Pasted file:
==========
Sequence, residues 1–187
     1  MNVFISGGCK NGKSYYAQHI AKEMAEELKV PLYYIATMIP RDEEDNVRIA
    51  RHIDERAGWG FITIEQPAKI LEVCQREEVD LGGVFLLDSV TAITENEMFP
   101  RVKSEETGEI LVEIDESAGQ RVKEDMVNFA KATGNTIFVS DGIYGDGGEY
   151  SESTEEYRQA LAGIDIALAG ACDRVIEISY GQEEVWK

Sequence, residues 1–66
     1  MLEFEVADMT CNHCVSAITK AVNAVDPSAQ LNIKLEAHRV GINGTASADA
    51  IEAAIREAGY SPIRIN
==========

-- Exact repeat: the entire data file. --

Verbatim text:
Sequence, residues 1–187
     1  MNVFISGGCK NGKSYYAQHI AKEMAEELKV PLYYIATMIP RDEEDNVRIA
    51  RHIDERAGWG FITIEQPAKI LEVCQREEVD LGGVFLLDSV TAITENEMFP
   101  RVKSEETGEI LVEIDESAGQ RVKEDMVNFA KATGNTIFVS DGIYGDGGEY
   151  SESTEEYRQA LAGIDIALAG ACDRVIEISY GQEEVWK

Sequence, residues 1–66
     1  MLEFEVADMT CNHCVSAITK AVNAVDPSAQ LNIKLEAHRV GINGTASADA
    51  IEAAIREAGY SPIRIN